PHILADELPHIA (WPVI) -- On Friday, the community Grab and Go event hosted by the Family Practice and Network Counseling at Woodland Village Plaza in Southwest Philadelphia was a way to engage the community outside its clinic that's been closed since June due to looting.
"Today is a bright light in our neighborhood because we know they're going to be rebuilding," said Pennsylvania State Rep. Joanna McClinton.
The focus was on rebuilding and expansion. What looks like a vacant warehouse in the plaza will soon become the first of its kind birthing center in Philadelphia.
"This is an opportunity for moms to have a say to be empowered with their birth, with their life journey...this is an opportunity for families, especially Black families, to have a say in terms of the way they give birth," said operations manager Laquesha Garland.
The birthing center will be based around a midwifery doula model, which has been five years in the works.
According to the CDC, Philadelphia reports a maternal mortality rate of 27.4 deaths per 100,000 live births, and African-American mothers are twice as likely to die within one year of childbirth in Philadelphia.
"A lot of women had died, and those deaths are hemorrhaging, just bleeding to death," said postpartum doula ChrisAnne Smith.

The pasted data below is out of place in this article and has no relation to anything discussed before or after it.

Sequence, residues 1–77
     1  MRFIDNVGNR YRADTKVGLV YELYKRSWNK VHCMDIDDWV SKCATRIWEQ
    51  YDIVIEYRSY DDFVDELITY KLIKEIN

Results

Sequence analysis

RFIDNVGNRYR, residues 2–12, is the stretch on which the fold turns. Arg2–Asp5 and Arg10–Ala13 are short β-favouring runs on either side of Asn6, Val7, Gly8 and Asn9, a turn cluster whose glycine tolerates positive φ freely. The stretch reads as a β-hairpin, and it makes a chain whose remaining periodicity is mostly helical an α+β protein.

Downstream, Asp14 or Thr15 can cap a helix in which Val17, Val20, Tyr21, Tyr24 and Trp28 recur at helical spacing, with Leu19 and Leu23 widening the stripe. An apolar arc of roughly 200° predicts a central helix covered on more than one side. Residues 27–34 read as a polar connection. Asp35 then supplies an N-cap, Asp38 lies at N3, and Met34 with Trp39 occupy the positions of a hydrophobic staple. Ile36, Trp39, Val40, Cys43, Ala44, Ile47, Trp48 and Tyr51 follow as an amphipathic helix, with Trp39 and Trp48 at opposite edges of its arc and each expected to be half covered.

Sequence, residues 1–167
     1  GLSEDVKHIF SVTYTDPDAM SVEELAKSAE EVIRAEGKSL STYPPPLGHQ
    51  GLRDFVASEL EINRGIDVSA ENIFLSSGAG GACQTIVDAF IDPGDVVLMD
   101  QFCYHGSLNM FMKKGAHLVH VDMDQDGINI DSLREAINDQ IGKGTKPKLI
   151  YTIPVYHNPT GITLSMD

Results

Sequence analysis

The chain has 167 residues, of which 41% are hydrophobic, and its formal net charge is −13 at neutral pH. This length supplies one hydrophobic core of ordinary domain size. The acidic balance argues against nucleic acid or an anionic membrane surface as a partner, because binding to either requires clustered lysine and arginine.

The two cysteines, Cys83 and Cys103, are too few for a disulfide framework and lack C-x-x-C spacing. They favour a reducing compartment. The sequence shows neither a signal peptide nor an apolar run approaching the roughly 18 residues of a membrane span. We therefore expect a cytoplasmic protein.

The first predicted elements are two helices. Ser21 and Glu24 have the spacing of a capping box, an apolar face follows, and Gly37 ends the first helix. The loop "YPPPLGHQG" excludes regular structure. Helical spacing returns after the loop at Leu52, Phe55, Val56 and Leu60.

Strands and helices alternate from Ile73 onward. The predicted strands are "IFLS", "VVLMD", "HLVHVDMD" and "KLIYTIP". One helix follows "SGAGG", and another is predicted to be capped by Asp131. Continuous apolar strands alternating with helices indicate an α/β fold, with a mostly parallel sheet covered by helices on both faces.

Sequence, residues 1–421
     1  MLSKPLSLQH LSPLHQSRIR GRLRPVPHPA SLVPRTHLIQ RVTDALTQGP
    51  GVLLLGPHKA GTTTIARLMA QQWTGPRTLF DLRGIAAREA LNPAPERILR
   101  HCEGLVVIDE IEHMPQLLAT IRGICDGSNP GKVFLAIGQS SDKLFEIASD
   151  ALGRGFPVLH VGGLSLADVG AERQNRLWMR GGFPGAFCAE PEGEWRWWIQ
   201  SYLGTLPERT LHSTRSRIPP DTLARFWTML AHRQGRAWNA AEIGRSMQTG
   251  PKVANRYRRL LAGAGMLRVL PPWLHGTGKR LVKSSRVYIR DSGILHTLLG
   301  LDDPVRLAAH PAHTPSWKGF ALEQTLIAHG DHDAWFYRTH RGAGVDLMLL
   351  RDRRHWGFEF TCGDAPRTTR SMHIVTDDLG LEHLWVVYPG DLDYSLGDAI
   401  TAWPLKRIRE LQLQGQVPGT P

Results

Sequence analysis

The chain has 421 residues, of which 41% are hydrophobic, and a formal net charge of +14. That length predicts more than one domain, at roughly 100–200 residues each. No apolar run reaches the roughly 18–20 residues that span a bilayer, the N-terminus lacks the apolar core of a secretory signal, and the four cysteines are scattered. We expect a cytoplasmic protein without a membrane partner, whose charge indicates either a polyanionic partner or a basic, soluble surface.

Pregnancy-related deaths in the country have tripled in the last 30 years, and African-American women are three to four times more likely to die from pregnancy or childbirth-related causes than white women.
"A lot of it has to do with racism, a lot of it has to do with us just not receiving the same amount of care other people do," added Smith.
Postpartum Doula Chrisanne Smith says this birthing center is one way to tackle the crisis.
"We have to be honest, there's a disparity in the way Black people are treated in this country, and it's a difficult conversation to have, but we have to have it," said Smith.
Now construction is set to begin for the birthing center in early 2021.
Another point healthcare providers bring up is often, doulas aren't covered under insurance, and so women can't afford to have one.
Organizers say this will give women in low-income areas that option.